Another Hitler-Alert in Britain

This is a first: if anything, EuroSavant is a “foreign press review” weblog, of course, but today’s entry is itself about a “foreign press review” article. There’s a new movie coming out of Germany that you are sure to hear much more of, if only from what has been heard of it already before it even opened in its home-market. It’s called Der Untergang (“The Downfall”), and its depiction of the last days of the Nazi regime in the spring of 1945 is based upon the book of the same name by noted Hitler scholar Joachim Fest, supplemented by the diary of Hitler’s secretary Traudl Junge.

You can well imagine the consternation in Germany over the making of a film that depicts the Führer in even a remotely-human light. But this is a weblog with an international bent, and the point of the article in today’s Frankfurter Allgemeine Zeitung by London correspondent Gina Thomas (British Fears: Does Germany Forgive Hitler?) is that the British media are already getting upset about the whole thing themselves. This when the rights for showing the film in the UK haven’t even been bought yet!

(By the way, that photo – from dpa/dpaweb – is not of the real historical article, but rather of the movie’s star, Bruno Ganz.)

FAZ correspondent Thomas quotes the assertion of the film’s producers in Munich that no other German film has yet received so much attention in the “anglo-saxon press” as this Der Untergang. But by this they must have meant the English press; I’m not aware of any treatment of the film in American papers, while the article gives the heads-up that such coverage will soon appear in the top-of-the-line British press such as the Financial Times and the Times of London. What’s more, a few of the other mainstream UK papers have gotten their licks in already at the film. One such is the “Daily Telegraph,” whose Berlin correspondent reports that Der Untergang’s producer, one Bernd Eichinger, is hoping to provide through it an “emotional liberation” for his countryman from the Second World War (finally!). But “Telegraph” reporters themselves think instead that it threatens to strengthen the case of the sort of World War II “revisionists” who downplay Germany’s role and even cast doubt on the authenticity of the Holocaust. The newspaper places the film squarely within the recent trend in the German arts and media of devoting rather more attention to the sufferings of the German people themselves during the war than has previously been the case. We’ve covered this theme before in EuroSavant, such as with the issue of the proposed museum and/or memorial for those Germans driven out of their former homes in Poland, Czechoslovakia, etc. at the war’s end, and have seen how it’s easy to take such sentiments rather too far for other nationalities who didn’t actually start the war in the first place yet were among its foremost victims. (The Poles, for example; take a memo: it’s time for EuroSavant to start keeping an eye out for reaction to Der Untergang in the Polish press!) Then there is the “Daily Mail” (a bit more lowbrow British paper, I’m given to understand), whose headline it was that asked “Are the Germans forgiving Hitler?” and which points to other ominous, seeming neo-Nazi traits in recent German behavior: more books coming out there about Hitler, those endless Der Spiegel cover-stories on Nazi-related topics, and of course more neo-nazi websites.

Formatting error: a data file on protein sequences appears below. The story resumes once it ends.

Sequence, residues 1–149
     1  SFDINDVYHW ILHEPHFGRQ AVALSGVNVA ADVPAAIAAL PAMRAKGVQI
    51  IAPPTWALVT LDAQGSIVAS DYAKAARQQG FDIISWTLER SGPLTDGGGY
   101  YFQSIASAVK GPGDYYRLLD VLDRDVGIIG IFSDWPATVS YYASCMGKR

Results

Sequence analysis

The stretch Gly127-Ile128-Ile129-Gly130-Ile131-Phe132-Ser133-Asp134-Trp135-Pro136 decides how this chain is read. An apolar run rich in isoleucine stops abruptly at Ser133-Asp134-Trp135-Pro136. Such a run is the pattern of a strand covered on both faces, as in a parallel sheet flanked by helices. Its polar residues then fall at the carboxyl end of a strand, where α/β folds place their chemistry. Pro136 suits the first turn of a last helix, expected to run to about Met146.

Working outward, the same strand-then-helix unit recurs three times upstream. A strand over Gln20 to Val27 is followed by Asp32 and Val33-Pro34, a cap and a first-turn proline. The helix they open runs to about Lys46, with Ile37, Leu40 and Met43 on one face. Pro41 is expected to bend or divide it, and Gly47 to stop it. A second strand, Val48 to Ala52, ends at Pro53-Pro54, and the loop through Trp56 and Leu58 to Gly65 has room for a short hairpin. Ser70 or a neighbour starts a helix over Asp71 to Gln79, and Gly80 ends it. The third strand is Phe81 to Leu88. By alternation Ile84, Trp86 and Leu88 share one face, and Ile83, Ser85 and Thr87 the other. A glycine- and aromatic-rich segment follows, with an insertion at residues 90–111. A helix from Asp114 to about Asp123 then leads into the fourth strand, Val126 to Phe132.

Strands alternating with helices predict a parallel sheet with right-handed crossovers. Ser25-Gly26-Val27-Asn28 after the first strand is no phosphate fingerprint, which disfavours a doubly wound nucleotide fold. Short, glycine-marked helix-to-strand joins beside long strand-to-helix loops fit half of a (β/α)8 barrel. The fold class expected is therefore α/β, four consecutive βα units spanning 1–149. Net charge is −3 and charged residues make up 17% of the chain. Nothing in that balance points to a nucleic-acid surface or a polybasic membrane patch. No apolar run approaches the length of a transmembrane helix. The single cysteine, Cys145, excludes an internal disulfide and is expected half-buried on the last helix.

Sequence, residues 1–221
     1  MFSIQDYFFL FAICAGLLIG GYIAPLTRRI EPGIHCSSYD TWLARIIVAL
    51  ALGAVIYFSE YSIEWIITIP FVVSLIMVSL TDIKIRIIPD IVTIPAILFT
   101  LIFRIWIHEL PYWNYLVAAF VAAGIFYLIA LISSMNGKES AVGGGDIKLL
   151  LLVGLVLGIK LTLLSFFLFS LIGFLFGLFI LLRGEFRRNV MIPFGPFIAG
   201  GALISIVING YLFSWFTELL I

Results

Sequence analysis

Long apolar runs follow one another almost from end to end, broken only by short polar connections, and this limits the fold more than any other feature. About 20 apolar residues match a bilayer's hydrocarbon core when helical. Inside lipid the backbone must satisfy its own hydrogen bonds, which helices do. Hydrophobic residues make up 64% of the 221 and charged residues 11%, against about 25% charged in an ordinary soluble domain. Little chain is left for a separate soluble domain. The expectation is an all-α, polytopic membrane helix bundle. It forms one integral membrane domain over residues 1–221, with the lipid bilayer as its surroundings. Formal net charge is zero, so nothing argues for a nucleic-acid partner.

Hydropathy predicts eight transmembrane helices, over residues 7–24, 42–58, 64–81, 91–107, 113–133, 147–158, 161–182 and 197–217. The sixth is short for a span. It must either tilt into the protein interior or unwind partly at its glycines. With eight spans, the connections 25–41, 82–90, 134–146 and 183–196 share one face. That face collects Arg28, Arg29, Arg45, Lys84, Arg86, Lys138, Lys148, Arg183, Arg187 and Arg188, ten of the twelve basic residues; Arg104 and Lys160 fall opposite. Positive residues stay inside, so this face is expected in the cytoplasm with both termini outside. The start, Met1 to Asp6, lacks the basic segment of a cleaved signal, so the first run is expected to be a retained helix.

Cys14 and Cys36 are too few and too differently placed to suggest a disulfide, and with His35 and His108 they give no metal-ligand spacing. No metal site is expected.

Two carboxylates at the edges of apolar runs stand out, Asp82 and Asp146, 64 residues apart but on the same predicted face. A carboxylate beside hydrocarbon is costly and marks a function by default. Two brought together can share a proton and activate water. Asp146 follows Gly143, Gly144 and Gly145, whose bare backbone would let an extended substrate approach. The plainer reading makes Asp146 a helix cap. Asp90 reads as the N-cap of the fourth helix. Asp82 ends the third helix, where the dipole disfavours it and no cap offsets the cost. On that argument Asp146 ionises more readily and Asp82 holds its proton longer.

But FAZ correspondent Gina Thomas, at the end of her article, is more than able to turn the Brits’ worries right back in their faces. (Ms. Thomas has a curiously un-German name, by the way.) Interest in Hitler and the Nazis in the UK has also surged recently, with just as many books on the subject appearing in English as from German presses. Indeed, among these recent books have been translations of both Joachim Fest’s Der Untergang and the memoires of Traudl Junge that form the basis for the movie’s script.

But Ms. Thomas’ counter-argument here just might miss the point. Any fascination with Hitler from the Germans is hardly the same as such feelings coming from the British; rather, a closer equivalent would be French nostalgia for Napoleon, and even that justifies less watchfulness because Napoleon’s depredations were not only rather less vicious than those of the Nazi’s (not that the soldiers of La Grande Armée were a bunch of good fellows that the rest of Europe would have been glad to invite over to try out the local alcohol anyway), but they also happened rather longer ago. Thomas would have a better rationale for criticizing this alarmism in the English media on the basis of the sheer inability of the British to let go of, or grow beyond, their anti-Nazi heroics of the early 1940s. Beer brands still exist in Britain with names such as Spitfire (the Spitfire was properly a leading British-made fighter airplane in the Battle of Britain, and beyond, of course); when choosing a historical period to specialize in and be tested on for O- and A-levels, British adolescents still overwhelmingly choose the Second World War (and so not the post-war period, when the Germans reverted to being nice, cooperative fellows again); and, apparently, Germans visiting Albion can still be abused in public for something their grandfathers might have been involved in (or might have involuntary found themselves caught in) decades ago. I think that Der Untergang could very well be as illuminating for people’s attitudes to their past as, say, the TV movie Roots was in the US three decades ago; but it could be illuminating not just for the Germans, but also for other peoples and the ways that they continue to view the Germans fifty-nine years after V-E day.

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